How do taxes compare?
How does the new Republican tax plan measure up in comparison to other countries? I was curious, so I decided to look at Denmark. Most progressives regard it as a relatively enlightened nation. Also, I have personal interest since a modest portion of my income comes from a small Danish company. I’m a freelance technical writer and one of my clients, Neets, makes AV control systems for the international market.
First, the corporate tax. The Republican bill drops the U.S. rate from 35 percent to 21 percent. Denmark’s corporate tax? It’s 22 percent, down from a high of 50 percent in 1985. So, not significantly different from the GOP proposal. Presumably the sensible Danes realized that, at the old rate, small companies like Neets would struggle to compete globally and big companies would be tempted to shuffle profits offshore.
Now, what about personal tax rates? For the richest Americans, the GOP plan shaves the top rate from 39.6 percent down to 37 percent. The top rate in Denmark? It’s 55.8 percent. There’s the big difference. In Denmark, tax policy lets your company grow and prosper. But if you get rich in the process, you are expected to give back to the community, to support things like universal health care and free university tuition.
Not here. If you get rich, you keep the lion’s share. Except for what you might want to give back in gratitude as campaign donations to Republican politicians.
Three of the world’s largest financial institutions — the World Bank, ING (a transnational bank), and AXA (a huge insurance company) — have recently announced plans to divest from fossil fuels (coal, oil, and gas) over the next few years. AXA will no longer insure U.S. pipelines, while ING will also increase investments into clean energy.
It is significant when financially conservative institutions like these abandon Earth-killing fossil fuels. When smart investors commit to a life-giving rather than a death-dealing future it signals the fossil-fuel era is over.
From an economical viewpoint, investing in fossil fuels is like investing in buggy whips just as cars are coming into vogue. From an ethical viewpoint, investing in fossil fuels is indefensible; we now know it means commitment to planetary destruction.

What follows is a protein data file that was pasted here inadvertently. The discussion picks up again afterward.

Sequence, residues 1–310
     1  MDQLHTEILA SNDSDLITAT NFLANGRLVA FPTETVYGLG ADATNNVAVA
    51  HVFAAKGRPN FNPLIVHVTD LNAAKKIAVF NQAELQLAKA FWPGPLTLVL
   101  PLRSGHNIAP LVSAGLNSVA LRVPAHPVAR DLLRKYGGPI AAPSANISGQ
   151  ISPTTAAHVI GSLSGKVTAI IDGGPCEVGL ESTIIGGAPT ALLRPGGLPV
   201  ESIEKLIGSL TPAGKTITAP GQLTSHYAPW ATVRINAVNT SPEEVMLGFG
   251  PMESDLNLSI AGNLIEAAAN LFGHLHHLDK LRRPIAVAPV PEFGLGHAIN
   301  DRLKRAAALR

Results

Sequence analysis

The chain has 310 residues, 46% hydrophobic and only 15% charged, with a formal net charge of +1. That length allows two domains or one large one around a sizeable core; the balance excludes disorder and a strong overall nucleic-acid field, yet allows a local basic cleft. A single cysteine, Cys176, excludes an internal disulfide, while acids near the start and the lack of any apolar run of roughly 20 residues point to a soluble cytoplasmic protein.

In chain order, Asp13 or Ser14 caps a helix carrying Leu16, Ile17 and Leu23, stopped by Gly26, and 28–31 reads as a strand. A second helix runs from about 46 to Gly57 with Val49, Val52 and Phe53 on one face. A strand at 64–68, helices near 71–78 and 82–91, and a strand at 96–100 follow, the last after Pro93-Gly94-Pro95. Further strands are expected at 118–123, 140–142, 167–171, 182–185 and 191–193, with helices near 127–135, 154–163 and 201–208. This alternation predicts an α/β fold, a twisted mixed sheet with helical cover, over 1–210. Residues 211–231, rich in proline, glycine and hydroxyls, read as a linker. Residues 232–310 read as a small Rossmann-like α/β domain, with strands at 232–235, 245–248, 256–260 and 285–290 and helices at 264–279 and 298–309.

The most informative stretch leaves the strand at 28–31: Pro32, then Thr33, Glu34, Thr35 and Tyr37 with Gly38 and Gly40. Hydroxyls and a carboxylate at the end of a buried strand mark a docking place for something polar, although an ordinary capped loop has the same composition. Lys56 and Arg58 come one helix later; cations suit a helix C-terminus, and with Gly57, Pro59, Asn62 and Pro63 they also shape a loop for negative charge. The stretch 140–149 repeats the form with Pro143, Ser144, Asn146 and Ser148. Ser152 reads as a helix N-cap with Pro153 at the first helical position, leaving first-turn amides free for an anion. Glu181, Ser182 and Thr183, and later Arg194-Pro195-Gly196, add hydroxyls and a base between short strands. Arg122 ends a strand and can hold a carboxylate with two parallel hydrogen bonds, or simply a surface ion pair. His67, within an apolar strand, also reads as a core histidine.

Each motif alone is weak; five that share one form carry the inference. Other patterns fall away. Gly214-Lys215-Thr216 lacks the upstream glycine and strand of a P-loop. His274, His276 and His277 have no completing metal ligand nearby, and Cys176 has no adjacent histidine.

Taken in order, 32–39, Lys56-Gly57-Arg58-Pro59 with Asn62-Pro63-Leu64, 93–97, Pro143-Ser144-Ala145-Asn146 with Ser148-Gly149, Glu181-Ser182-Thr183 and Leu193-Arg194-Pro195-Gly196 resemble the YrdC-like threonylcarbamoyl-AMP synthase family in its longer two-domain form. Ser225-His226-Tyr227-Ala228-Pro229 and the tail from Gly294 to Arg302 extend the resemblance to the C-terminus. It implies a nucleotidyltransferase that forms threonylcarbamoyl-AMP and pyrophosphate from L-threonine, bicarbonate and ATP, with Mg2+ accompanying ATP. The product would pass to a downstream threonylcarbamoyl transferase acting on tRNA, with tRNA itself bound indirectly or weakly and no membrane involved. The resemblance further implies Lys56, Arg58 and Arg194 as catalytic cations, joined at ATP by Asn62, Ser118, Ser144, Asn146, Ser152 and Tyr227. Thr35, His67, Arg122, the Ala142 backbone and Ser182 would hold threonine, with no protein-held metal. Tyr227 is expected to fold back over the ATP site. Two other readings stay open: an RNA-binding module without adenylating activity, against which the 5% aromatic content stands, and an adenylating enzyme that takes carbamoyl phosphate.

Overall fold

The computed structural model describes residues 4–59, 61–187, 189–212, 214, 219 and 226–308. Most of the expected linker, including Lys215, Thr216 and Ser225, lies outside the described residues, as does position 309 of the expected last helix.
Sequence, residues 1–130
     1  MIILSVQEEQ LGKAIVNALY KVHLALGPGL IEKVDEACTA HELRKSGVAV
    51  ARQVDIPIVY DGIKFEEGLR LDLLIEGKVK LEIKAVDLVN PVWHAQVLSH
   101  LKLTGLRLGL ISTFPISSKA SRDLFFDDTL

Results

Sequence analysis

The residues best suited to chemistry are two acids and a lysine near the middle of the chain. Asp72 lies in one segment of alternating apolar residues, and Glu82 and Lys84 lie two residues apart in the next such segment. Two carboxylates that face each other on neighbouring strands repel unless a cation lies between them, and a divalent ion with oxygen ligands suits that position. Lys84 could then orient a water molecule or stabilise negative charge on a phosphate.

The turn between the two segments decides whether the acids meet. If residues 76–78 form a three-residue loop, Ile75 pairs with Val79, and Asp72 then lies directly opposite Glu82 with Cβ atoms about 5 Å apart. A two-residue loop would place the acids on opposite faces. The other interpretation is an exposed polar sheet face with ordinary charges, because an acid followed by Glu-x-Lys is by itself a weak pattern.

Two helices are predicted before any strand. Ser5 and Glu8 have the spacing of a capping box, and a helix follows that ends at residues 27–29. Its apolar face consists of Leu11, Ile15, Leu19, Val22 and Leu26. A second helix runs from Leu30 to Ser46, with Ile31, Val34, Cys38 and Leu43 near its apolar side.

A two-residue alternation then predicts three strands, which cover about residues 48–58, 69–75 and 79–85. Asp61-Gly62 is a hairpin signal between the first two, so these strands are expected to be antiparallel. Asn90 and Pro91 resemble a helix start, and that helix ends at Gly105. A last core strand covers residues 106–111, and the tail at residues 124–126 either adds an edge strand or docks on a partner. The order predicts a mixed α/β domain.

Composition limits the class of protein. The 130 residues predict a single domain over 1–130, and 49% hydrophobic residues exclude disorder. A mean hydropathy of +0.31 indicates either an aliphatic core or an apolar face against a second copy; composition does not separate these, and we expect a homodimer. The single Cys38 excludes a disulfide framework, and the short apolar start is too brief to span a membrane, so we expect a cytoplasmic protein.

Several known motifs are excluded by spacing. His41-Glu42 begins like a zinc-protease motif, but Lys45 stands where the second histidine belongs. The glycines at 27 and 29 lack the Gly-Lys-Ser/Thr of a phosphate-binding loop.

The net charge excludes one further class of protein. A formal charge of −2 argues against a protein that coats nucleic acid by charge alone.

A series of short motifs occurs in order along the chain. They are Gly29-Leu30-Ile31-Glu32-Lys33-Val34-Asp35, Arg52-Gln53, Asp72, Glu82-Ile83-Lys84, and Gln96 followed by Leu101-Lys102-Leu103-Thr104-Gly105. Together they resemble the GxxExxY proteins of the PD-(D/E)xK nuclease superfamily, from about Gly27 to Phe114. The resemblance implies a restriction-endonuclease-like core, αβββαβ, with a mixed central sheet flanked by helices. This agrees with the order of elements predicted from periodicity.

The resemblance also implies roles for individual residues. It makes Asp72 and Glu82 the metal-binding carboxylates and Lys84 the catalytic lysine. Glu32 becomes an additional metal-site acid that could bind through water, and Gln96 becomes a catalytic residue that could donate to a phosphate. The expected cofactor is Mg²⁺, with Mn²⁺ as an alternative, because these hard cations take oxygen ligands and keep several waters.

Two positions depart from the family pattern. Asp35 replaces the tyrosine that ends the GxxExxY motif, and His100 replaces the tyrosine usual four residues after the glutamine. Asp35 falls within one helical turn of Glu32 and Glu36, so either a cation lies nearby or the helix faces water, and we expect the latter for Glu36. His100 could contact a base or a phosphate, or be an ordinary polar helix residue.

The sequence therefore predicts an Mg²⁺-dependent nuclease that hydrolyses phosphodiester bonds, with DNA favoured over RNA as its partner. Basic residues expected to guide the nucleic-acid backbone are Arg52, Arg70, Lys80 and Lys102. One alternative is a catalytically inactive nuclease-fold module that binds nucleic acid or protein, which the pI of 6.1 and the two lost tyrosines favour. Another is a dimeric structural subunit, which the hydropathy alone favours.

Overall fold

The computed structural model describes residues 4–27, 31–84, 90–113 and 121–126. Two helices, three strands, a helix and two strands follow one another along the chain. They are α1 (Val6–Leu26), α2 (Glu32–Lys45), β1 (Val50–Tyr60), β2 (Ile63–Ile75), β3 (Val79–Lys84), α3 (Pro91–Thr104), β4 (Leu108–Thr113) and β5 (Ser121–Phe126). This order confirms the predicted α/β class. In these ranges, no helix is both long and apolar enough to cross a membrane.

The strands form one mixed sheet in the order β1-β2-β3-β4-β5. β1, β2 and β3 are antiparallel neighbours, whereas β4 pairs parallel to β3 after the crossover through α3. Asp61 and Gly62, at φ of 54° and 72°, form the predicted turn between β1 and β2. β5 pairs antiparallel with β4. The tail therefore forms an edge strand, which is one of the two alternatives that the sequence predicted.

As they vote for their tax scam to destroy the few untouched places remaining on earth to appease their fossil fuel donors, a greed-driven Greg Walden plus the entire GOP and White House are revealed as immoral buggy-whip investors.
If we care about our children, our parents, and the continuation of all life on this little earth we cannot continue to vote for fiscally ignorant, immoral destroyers who operate solely from greed.
What people need to know
Here’s what people need to know about the Trumped Up Tax Cut. It reduces taxes by $1.5 trillion over 10 years and in order to pay for itself it will need to stimulate the economy by more than that amount. No one knows whether or not that will happen but frankly there’s little evidence that it will and no real-world measurement will ever either be able to authentically confirm or deny.
So let’s move on to the issue of where this $1.5 trillion goes. Rounding U.S. population to 300m million, this means the “average American” will get a $5,000 tax break over the next 10 years (though in reality this is simply a $5,000 IOU that the economy needs to pay off). But the claim is being made that the top 1 percent will enjoy 80 percent of these reductions. I have no way or either proving or disproving this, but presuming it to be true, here’s what that means.
The top 1 percent will have a per capita tax break of $400,000 over the next decade.
The remaining 99 percent will have an extra $1,000 to spend.
Yup, the rich will benefit at 400 times the rate of the masses.
Dennis Q. Murphy